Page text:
Thursday, March 12, 2009

Am I Dying? The Untold Story

Have you ever been going about your day when suddenly a smell or song or even a feeling creates a memory of a past event? Like the whiff of a pipe that reminds me of when I was little and my dad would light up... or the sound of birds in the early morning that brings me back to our yearly family trips to Disney World. We all have so much locked away in our heads and have no idea when the memory will sneak into our consciousness.

This time of year is one of those times -- it's quite an emotional period for me. It was three years ago that my world spun upside down and sideways and then back again, making me wonder if it was actually the end of the road for me -- the three weeks and one day that rocked me to the core, that made me question whether I would ever have the chance to watch my children grow up.

But before I get too ahead of myself here, let me give you a little back story. I know I've shared tidbits of my experience in past posts, but this here is my story. I share it, not only because it's cathartic for me to see it now -- all in black and white, but in hopes that someone else just might benefit from it, whether they recognize themselves in my story or even someone close to them.

I'll start back at what feels like the beginning. I was a newlywed -- enjoying life and feeling good. I had a wonderful new husband, a nice home, amazing friends -- I had everything I wanted... except babies.

I remember the day well. I was standing on the back patio of our little house in Burbank, talking on the phone with my sister. She, as well as two other sisters and a couple of cousins, had been tested to see if she carried a genetic mutation that would increase the likelihood of breast and ovarian cancer -- she was found positive.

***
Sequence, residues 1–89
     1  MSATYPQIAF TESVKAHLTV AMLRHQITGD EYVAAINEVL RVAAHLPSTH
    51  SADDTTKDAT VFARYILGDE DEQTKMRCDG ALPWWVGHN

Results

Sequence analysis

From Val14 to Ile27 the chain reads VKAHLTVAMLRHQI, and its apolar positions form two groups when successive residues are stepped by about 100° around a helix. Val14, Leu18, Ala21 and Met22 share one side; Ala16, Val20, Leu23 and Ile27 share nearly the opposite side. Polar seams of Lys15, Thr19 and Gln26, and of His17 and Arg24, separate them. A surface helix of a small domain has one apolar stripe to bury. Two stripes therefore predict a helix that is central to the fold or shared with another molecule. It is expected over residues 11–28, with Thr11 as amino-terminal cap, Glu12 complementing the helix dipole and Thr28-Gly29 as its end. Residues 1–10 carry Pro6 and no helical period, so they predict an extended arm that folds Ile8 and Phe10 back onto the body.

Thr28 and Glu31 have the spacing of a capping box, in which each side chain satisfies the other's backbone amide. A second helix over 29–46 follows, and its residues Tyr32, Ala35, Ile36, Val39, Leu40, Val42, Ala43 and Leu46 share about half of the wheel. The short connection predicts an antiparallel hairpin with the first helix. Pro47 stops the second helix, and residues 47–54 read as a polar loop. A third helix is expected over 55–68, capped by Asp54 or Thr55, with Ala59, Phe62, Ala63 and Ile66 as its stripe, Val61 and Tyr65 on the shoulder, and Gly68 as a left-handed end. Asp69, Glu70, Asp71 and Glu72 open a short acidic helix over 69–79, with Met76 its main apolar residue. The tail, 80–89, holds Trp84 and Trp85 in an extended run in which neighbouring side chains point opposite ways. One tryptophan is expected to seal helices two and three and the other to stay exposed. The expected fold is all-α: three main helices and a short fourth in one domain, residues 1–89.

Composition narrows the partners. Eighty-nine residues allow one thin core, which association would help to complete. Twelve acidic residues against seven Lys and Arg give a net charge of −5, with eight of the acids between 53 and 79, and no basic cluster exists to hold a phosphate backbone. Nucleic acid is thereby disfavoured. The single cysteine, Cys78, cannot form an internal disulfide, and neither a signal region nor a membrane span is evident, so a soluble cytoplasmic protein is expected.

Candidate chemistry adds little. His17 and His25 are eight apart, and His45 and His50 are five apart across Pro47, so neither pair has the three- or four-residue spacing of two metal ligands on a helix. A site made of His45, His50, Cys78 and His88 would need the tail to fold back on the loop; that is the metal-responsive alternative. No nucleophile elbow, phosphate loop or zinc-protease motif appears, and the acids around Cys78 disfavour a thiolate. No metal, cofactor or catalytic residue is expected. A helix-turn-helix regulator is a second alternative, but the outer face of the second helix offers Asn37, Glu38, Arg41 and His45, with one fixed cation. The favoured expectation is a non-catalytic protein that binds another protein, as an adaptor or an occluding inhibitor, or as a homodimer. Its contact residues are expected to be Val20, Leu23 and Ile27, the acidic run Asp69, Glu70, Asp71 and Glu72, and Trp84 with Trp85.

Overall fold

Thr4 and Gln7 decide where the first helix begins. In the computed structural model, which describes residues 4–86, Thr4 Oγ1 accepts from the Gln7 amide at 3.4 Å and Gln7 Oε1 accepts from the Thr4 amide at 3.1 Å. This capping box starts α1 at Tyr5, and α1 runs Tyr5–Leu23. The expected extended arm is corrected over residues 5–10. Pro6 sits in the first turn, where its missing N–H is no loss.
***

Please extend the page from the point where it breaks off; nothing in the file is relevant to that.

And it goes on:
Now one might think that the news would've sent me into a panic. I had been told my entire life that I looked just like my sister. In fact, I even wondered off and on throughout my childhood if she might have been my biological mother and had me so young that no one would admit it. (Don't judge, I was a little girl with a very active imagination who couldn't remember the mother who died when I was three.)

But I didn't panic.

I think my sister being 14 years older allowed me to feel invincible just a little bit longer. I hadn't even had kids yet, so why would I test for something like that. I was young and strong -- the last thing I needed was to even think about such things.

My sister revealed her plan to me. She would get her insurance company on her side and undergo prophylactic surgery. Prophy-what? I didn't even know what that word meant. She explained her feelings -- and that prophylactic just meant preventative -- to me. She was to kill the chances of cancer before cancer killed her. That should have made sense, but all I could hear was someone who was afraid... who couldn't separate her fear from logic.

I remember that conversation like it was yesterday because it didn't end well.

Frankly, I didn't understand why someone would have surgery when they weren't even sick. But, then again, I wasn't a 17-year-old girl who watched her mother die during what should have been the most exciting time of her life.

I didn't talk to my sister for a while after that. I wasn't upset with her but I knew my reaction had shut her down when it came to me. I got a call a couple of months later and heard that my sister was hours away from surgery -- that she was, in fact, going through with it. I reached out but didn't catch her before she went in. If something had happened while she was under for 14 hours, I would've never forgiven myself.

My sister woke up cancer-free. Her 87% risk had just been reduced to less than one percent -- considerably less than the seven percent risk that the average woman has. I felt happy that she could breathe a sigh of relief.

Two kids later: Jeff and I and our newborn baby boy arrived at Cedars Sinai in Los Angeles. I was meeting with a genetic counselor. Baby Brady was quite the fussy little man, I remember holding and bouncing him in my arms as I heard all the stats my sister had already shared.

In my brain, it was like I could only hear the Cliffs notes version of the story. If I tested positive... blah blah... 87% risk of breast cancer... yadda yadda... 50% ovarian cancer risk... mmm hmmm... got it. I can still see the reaction on the doctor's face when I shared so confidently, "My sister had surgery but that's not me. I'll just keep getting checked if I'm found positive." Her expression said 'Oh yeah, I've seen your kind before. Just you wait...'